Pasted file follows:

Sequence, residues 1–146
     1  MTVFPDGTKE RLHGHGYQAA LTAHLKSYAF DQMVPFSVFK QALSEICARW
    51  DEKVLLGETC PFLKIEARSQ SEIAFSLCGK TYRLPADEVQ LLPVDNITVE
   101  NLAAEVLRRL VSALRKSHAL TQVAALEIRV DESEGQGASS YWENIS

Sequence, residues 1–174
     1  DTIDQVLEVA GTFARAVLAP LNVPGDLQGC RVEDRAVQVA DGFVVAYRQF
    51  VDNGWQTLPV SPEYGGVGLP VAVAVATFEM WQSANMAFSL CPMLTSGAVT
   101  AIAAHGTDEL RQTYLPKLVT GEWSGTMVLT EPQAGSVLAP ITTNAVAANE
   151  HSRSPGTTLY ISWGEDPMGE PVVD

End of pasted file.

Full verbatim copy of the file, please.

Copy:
Sequence, residues 1–146
     1  MTVFPDGTKE RLHGHGYQAA LTAHLKSYAF DQMVPFSVFK QALSEICARW
    51  DEKVLLGETC PFLKIEARSQ SEIAFSLCGK TYRLPADEVQ LLPVDNITVE
   101  NLAAEVLRRL VSALRKSHAL TQVAALEIRV DESEGQGASS YWENIS

Sequence, residues 1–174
     1  DTIDQVLEVA GTFARAVLAP LNVPGDLQGC RVEDRAVQVA DGFVVAYRQF
    51  VDNGWQTLPV SPEYGGVGLP VAVAVATFEM WQSANMAFSL CPMLTSGAVT
   101  AIAAHGTDEL RQTYLPKLVT GEWSGTMVLT EPQAGSVLAP ITTNAVAANE
   151  HSRSPGTTLY ISWGEDPMGE PVVD